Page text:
So, why do I think we’re overreacting and need a longer-term view? Well, we should have expected and be ready that vested interests will always fight back- that those with power and influence at the top of our societies don’t always have the common good at heart. Even if they did, we need to be aware of the corrupting influence of power, the weakening of controls, seduction that comes from only moving in similar circles, that success breeds a feeling it was earned, the intense lobbying of special interests. We need to know that, absorb it and not loose heart, as Admiral Stockade once said.

Let me say right away that I don’t believe in shadowy conspiracies covering global events, with mysterious secret bodies devoted to global domination and the like. That’s not to say that everywhere we look we won’t find networks dedicated to fighting what liberals stand for: fake grass-roots campaigns, fake science, fake news, tame historians, biased and corrupt news and media organisations and a host of other bad things devoted to bad ends, or even just to keep things the way they are now. The Mont Pelerin Society is a good example of some long-term thinking to plan some ideas that over time, have become simultaneously mainstream and very damaging.

But the idea of global conspiracies seems daft to me- things just aren’t organised enough for long enough and anyway, the explanation for why science, liberalism, openness, tolerance and other good stuff doesn’t always win is much simpler.

Yes there are those with wealth and power devoted to bad causes, selfish-ends and holding dismal, demonstrably false world views. We need to know who they are, and oppose them when they corrupt our public debate.

It’s The System But Marx Wasn’t Right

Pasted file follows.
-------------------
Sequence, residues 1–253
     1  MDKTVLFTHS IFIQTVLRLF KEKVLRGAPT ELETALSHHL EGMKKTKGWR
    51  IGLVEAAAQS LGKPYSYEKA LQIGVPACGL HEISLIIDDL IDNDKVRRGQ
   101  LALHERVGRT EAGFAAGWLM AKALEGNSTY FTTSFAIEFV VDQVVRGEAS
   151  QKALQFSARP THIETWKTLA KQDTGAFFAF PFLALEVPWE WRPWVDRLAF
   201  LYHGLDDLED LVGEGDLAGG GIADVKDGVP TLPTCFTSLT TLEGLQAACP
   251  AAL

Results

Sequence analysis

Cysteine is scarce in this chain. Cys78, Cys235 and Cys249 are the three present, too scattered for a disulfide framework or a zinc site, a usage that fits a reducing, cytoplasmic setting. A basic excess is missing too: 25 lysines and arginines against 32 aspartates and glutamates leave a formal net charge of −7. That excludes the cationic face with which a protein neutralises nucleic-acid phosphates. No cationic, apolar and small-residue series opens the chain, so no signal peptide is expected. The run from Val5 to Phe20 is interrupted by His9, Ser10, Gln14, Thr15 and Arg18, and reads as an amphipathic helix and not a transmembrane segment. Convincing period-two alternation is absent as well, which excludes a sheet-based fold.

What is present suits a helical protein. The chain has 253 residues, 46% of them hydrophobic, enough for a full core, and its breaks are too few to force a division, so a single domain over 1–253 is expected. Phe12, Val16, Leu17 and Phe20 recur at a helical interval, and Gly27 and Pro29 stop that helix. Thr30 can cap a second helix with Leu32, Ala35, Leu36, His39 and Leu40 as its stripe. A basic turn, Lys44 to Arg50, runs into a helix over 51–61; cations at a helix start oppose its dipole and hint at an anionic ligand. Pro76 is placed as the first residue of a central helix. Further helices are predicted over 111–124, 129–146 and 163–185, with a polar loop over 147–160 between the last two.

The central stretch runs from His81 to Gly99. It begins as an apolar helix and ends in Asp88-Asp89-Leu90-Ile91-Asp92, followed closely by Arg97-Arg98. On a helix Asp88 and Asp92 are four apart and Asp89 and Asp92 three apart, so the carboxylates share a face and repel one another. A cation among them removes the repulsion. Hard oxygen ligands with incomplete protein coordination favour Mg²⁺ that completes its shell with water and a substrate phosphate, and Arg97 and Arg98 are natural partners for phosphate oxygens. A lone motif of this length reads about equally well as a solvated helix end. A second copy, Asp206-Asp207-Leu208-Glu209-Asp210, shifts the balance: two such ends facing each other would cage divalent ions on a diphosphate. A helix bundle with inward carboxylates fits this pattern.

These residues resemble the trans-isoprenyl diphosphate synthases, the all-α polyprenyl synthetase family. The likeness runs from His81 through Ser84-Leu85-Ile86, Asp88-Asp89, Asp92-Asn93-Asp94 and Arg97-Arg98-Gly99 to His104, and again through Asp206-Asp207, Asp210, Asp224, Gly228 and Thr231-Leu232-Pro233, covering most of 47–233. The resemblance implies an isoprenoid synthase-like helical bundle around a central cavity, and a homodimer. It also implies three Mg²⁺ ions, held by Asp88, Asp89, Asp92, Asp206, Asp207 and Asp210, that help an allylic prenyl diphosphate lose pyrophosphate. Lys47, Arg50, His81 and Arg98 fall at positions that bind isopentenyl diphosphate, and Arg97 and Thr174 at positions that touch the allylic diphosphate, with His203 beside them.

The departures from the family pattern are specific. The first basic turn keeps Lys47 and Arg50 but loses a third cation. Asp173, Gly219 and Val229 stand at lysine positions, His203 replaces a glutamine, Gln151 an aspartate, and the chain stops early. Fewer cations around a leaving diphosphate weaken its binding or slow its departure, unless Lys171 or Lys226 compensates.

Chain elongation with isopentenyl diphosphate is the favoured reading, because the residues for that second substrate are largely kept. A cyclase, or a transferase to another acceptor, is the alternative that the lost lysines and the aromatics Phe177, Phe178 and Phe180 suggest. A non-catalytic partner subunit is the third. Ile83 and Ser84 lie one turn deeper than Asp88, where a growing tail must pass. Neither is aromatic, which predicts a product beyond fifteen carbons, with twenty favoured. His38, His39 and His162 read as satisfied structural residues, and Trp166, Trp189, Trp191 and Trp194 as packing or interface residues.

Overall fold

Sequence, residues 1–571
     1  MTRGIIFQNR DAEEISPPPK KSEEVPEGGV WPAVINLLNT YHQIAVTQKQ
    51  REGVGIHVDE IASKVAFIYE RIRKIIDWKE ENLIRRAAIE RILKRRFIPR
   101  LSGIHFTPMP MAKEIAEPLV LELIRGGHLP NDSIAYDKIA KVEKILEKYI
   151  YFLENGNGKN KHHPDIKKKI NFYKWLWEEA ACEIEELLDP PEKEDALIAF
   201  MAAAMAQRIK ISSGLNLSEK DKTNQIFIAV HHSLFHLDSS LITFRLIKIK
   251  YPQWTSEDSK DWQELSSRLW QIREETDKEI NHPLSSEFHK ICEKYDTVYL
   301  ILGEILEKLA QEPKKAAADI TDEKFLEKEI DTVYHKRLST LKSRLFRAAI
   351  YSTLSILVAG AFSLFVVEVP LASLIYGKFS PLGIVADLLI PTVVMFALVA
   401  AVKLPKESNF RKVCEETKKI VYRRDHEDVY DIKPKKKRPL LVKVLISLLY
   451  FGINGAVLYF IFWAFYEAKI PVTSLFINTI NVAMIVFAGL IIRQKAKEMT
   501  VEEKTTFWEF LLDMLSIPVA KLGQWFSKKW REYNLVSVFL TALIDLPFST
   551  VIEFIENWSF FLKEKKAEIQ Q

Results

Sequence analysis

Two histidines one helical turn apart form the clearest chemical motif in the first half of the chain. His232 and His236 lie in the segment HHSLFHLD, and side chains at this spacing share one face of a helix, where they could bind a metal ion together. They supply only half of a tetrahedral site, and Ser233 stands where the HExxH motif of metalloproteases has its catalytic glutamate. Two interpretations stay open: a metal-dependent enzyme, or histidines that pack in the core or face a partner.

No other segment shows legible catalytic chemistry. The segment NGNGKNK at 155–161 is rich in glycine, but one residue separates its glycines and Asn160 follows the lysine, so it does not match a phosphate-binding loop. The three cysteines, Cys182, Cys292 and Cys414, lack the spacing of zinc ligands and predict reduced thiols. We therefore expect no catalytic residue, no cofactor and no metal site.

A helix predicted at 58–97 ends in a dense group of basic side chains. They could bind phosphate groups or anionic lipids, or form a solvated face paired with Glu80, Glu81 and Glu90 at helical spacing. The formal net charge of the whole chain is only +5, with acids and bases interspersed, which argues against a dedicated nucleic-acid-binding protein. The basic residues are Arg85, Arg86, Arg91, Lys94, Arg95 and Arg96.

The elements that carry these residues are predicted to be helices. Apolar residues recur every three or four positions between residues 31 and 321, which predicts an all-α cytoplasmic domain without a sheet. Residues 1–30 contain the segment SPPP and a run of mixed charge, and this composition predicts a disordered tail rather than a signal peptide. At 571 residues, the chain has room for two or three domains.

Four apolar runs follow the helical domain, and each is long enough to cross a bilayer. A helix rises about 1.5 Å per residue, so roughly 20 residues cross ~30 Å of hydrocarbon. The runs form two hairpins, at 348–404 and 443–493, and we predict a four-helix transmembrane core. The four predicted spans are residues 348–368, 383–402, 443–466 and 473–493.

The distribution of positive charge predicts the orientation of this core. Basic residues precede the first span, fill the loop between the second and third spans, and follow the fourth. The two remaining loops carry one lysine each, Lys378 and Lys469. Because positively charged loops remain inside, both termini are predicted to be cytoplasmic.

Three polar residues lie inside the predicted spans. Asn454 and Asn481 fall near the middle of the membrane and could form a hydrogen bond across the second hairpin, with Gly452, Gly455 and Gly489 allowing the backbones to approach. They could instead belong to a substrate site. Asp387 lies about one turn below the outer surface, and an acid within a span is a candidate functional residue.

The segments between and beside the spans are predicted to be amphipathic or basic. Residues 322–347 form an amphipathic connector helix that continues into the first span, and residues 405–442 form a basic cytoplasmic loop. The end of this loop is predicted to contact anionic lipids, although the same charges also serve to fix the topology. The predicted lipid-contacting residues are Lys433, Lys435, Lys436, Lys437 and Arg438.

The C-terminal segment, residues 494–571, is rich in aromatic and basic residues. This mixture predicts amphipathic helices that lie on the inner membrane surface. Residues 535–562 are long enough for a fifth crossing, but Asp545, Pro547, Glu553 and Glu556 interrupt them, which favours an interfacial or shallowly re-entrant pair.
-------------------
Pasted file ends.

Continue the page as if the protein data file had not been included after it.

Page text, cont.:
But the problem lies much deeper than that- at the level of the basic structure of society. That is- the way in which politics, forms of government, industry, media, legal systems, competition, ownership and a host more fundamental elements of society, are brought together and act on us as individuals and our choices and beliefs.

John Rawls in his magisterial Theory of Justice talked about these elements as making up the basic structure of society. 

It is these interlinked, complex webs of basic insights, rules, processes, procedures and so on that determine whether liberal ideas will succeed or fail. Yes there are individuals that act on bad faith, elections that take us backwards, key moments (Brexit!) that could have gone differently if only.

But behind all that, and deeper than that, it is surely this basic structure that we need to give much more focus to, and one in which I hope to locate ideas and policies that could begin to make up a LiberalismFive, a new and more durable approach. [And no, Marx got it wrong, and his path is a blind alley…].

A few examples to close on- it’s my view that we won’t generate the changes we need to make if our basic democracy is weak, if our political parties are considered irrelevant, if our politicians are derided and our young people disgusted by the whole irrelevant game. But tweaks to voting laws and even powers of recall of politicians on their own won’t be enough if people think they have no stake in society and nothing that we debate matters a damn.